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Re: Swimmin' dinos, fish milk, avian polyphyly (was RE: Sheesh)



--- Tim Williams <twilliams_alpha@hotmail.com>
schrieb:

> David Marjanovic wrote:
> 
> >In her talks at the 2nd Intl. Paleont. Congress
> (Beijing, last June) and at 
> >the SVP meeting, Sanja HiniÄ&#8225; showed that
> *Baptornis* surprisingly patterns 
> >with wing-propelled divers, unlike *Hesperornis*.
> 
> Hmmm... Martin and Tate (1976) feature a skeletal
> reconstruction of 
> _Baptornis_ that shows it with vestigial wings, like
> _Hesperornis_.  The 
> wing skeleton has shrunk to a hatpin.

CORRELATION OF OSTEOLOGY AND LOCOMOTION: INFERRING
SWIMMING
MODES IN EXTINCT ORNITHURAE
HINIC-FRLOG, Sanja, MOTANI, Ryosuke, Univ. of
California, Davis, CA
The anatomical features of extant Neornithes are
expected to reflect physical constraints
during locomotion. If identified, these properties may
also be applicable to extinct birds for
which direct ecological and behavioral observation is
lacking. In order to infer locomotory
attributes of fossil birds, it is necessary to show
that osteology alone can be used to distinguish
between different locomotor modes in extant birds.
We compiled data on locomotor preferences and
anatomical features of 206 species of
extant birds. Using a statistical approach we
demonstrate that physical constraints of avian
environments are reflected in osteological features.
Principal component analysis (PCA) of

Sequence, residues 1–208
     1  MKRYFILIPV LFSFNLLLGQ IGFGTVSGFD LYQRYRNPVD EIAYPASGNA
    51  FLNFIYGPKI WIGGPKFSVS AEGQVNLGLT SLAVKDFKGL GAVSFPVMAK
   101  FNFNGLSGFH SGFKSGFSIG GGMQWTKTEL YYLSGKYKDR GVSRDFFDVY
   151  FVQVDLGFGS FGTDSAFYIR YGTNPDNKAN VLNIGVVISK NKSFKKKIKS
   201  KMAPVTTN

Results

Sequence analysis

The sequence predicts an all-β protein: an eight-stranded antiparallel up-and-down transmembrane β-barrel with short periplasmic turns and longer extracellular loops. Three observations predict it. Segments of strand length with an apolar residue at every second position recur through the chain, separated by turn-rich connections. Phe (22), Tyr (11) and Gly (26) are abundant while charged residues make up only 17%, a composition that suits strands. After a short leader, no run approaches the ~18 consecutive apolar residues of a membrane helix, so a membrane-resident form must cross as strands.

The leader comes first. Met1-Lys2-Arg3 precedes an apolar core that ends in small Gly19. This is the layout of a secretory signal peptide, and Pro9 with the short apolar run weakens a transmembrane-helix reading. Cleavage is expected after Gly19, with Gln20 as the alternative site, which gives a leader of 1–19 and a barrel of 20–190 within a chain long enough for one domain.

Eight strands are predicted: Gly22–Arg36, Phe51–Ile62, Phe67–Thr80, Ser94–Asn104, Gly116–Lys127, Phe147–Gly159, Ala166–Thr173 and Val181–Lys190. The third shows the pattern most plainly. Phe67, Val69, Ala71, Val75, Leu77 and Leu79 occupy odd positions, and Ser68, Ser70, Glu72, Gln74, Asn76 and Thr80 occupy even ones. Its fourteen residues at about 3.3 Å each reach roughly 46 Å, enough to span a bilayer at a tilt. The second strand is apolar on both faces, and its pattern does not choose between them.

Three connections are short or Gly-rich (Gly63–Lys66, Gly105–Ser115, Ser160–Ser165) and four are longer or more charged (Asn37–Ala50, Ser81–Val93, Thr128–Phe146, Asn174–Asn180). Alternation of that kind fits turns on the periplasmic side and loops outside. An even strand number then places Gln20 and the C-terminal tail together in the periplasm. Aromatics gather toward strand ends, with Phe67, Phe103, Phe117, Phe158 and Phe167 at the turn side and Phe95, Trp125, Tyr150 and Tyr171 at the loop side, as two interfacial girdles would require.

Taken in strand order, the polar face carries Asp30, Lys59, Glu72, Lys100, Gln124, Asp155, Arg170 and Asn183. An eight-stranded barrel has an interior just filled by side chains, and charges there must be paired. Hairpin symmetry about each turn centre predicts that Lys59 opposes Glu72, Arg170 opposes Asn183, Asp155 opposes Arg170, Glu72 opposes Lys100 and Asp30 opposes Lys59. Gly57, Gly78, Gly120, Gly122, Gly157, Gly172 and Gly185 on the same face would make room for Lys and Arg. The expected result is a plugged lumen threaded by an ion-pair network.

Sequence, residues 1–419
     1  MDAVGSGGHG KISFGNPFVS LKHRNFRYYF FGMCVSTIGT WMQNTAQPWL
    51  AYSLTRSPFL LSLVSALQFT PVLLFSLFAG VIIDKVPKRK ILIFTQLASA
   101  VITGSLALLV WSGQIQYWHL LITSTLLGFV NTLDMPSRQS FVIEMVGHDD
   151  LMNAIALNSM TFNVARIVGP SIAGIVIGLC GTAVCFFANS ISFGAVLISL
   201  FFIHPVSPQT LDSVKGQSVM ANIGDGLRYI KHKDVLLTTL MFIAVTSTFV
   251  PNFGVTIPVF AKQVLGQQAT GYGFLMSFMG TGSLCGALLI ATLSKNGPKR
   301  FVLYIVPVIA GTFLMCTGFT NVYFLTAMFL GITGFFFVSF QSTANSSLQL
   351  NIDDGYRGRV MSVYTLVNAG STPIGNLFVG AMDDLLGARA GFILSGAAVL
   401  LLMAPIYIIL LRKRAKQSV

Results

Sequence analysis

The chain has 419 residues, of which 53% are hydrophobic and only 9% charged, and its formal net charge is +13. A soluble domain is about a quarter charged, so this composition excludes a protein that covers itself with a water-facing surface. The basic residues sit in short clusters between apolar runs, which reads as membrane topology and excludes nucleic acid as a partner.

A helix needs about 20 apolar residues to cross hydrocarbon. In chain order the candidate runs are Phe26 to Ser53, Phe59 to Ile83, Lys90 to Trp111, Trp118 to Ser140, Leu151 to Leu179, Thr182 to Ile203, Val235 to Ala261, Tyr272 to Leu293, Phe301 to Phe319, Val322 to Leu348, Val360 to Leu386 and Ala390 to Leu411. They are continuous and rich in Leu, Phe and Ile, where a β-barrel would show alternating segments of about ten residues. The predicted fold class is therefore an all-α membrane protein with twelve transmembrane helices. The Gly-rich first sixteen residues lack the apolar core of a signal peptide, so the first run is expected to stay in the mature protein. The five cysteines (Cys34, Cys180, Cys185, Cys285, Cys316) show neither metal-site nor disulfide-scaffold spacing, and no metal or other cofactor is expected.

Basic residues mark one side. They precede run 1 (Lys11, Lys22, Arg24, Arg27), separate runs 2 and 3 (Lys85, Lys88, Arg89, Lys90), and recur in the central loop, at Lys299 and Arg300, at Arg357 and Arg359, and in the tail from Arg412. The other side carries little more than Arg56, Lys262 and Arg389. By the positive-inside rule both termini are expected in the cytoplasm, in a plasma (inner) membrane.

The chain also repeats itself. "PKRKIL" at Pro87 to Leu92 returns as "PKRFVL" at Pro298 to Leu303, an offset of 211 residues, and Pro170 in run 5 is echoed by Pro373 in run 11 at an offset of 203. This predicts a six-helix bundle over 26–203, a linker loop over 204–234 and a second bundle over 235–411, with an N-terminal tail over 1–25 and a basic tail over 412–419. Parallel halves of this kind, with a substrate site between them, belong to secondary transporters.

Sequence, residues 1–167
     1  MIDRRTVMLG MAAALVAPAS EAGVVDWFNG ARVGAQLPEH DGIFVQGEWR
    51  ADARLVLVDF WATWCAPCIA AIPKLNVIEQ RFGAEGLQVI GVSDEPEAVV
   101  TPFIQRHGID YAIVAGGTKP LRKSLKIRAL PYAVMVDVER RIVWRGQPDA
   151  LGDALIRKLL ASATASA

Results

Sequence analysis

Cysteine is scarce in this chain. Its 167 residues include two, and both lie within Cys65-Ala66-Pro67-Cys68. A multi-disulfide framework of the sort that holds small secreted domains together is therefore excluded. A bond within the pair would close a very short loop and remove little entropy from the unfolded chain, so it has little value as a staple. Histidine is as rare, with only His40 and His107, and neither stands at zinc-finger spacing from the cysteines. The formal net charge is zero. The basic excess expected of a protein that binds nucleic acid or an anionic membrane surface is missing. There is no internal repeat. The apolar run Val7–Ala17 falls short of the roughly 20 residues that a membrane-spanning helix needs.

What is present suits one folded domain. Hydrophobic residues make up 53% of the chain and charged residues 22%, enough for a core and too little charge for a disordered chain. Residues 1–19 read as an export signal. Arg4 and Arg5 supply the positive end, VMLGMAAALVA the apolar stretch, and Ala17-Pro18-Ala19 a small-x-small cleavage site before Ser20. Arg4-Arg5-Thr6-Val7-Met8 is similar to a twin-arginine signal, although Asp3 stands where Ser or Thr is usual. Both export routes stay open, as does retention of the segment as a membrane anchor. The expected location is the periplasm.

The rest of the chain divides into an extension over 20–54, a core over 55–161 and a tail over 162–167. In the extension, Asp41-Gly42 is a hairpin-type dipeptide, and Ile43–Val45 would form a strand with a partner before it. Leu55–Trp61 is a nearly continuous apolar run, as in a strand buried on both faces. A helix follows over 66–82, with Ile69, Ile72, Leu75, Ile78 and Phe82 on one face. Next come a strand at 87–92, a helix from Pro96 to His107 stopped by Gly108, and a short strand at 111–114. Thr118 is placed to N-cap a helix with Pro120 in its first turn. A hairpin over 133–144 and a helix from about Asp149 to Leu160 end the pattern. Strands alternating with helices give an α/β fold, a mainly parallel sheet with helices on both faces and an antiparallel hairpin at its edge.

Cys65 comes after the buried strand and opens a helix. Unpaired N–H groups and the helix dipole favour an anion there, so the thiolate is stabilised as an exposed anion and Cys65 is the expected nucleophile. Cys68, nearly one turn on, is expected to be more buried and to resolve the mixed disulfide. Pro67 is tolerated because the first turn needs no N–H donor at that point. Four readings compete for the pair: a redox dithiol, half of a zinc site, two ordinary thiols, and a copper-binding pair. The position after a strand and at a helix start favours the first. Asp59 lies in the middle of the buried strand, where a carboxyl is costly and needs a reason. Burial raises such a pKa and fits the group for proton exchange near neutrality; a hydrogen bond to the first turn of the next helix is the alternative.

living avians identified subsets of osteological
features that are useful in separating diving,
swimming, and flying species. When superimposing
fossil species, Hesperornis regalis is
placed within the distribution of foot-propelling
underwater swimmers, whereas Baptornis
advenus appeared among wing-propelled divers. This is
the first quantitative test of underwater
swimming ability of hesperornithiform birds.
We investigated the biomechanical significance of the
width of the hip and the length
of the cnemial process of the tibiotarsus. Previous
workers already associated these features
with swimming modes, but the reasons for the
association have not been rigorously tested.
The narrow hip was believed to contribute to a
teardrop body shape that reduced drag forces
while moving through the water. However, these divers
spread the feet widely even when
gliding through the water, eliminating the
contribution of the narrow hip to reduce drag.
Similarly, the long cnemial process has been
associated with increased cross sectional area
of the femoral muscles producing power for underwater
propulsion; however, the femur is
stationary throughout the swimming cycle. We argue
alternatively that: relatively narrow
hip increases force transmission efficiency by
bringing the hip joint closer to the center of
mass; enlarged cnemial process reduces the range of
motion around the knee and increases
propulsive power of the tarsometatarsus.

Regards,

Eike


                
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